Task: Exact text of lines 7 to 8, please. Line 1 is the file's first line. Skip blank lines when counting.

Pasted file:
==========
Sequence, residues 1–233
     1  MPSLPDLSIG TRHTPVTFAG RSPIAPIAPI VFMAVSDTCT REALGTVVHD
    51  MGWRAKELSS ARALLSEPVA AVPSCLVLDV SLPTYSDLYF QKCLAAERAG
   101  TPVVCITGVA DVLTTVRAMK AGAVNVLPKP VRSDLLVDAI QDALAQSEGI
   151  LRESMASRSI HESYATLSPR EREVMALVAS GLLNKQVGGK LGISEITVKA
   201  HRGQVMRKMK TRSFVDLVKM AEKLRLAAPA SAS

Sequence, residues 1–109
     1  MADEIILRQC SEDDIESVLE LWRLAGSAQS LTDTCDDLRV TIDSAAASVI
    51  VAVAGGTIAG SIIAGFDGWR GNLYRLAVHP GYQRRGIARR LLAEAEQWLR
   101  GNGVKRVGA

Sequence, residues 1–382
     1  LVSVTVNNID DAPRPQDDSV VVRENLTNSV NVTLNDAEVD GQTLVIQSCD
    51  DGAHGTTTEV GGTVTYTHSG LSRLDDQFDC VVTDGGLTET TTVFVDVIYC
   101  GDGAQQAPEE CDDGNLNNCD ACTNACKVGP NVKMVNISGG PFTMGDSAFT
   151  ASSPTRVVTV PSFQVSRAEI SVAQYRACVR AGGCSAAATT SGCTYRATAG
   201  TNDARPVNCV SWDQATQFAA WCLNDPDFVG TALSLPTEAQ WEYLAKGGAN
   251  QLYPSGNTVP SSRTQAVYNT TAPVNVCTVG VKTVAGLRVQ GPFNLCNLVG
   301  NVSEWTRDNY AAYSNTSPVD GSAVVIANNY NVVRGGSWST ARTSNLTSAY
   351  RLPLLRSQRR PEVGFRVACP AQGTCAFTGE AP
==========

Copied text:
Sequence, residues 1–109
     1  MADEIILRQC SEDDIESVLE LWRLAGSAQS LTDTCDDLRV TIDSAAASVI